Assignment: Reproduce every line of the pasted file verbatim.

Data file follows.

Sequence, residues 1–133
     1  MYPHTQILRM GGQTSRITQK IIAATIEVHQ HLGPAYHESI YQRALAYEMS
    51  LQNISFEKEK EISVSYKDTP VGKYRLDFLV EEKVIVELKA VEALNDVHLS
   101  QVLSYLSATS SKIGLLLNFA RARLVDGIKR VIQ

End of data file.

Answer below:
Sequence, residues 1–133
     1  MYPHTQILRM GGQTSRITQK IIAATIEVHQ HLGPAYHESI YQRALAYEMS
    51  LQNISFEKEK EISVSYKDTP VGKYRLDFLV EEKVIVELKA VEALNDVHLS
   101  QVLSYLSATS SKIGLLLNFA RARLVDGIKR VIQ